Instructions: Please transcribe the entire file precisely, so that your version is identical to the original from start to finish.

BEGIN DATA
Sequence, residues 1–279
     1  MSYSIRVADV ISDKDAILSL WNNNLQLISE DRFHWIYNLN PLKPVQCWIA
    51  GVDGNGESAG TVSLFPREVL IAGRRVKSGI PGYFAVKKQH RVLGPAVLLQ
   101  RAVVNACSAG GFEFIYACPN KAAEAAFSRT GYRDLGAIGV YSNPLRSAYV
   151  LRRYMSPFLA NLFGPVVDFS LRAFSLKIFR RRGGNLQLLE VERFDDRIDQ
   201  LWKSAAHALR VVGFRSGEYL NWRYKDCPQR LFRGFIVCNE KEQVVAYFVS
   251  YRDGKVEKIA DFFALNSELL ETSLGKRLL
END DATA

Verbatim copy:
Sequence, residues 1–279
     1  MSYSIRVADV ISDKDAILSL WNNNLQLISE DRFHWIYNLN PLKPVQCWIA
    51  GVDGNGESAG TVSLFPREVL IAGRRVKSGI PGYFAVKKQH RVLGPAVLLQ
   101  RAVVNACSAG GFEFIYACPN KAAEAAFSRT GYRDLGAIGV YSNPLRSAYV
   151  LRRYMSPFLA NLFGPVVDFS LRAFSLKIFR RRGGNLQLLE VERFDDRIDQ
   201  LWKSAAHALR VVGFRSGEYL NWRYKDCPQR LFRGFIVCNE KEQVVAYFVS
   251  YRDGKVEKIA DFFALNSELL ETSLGKRLL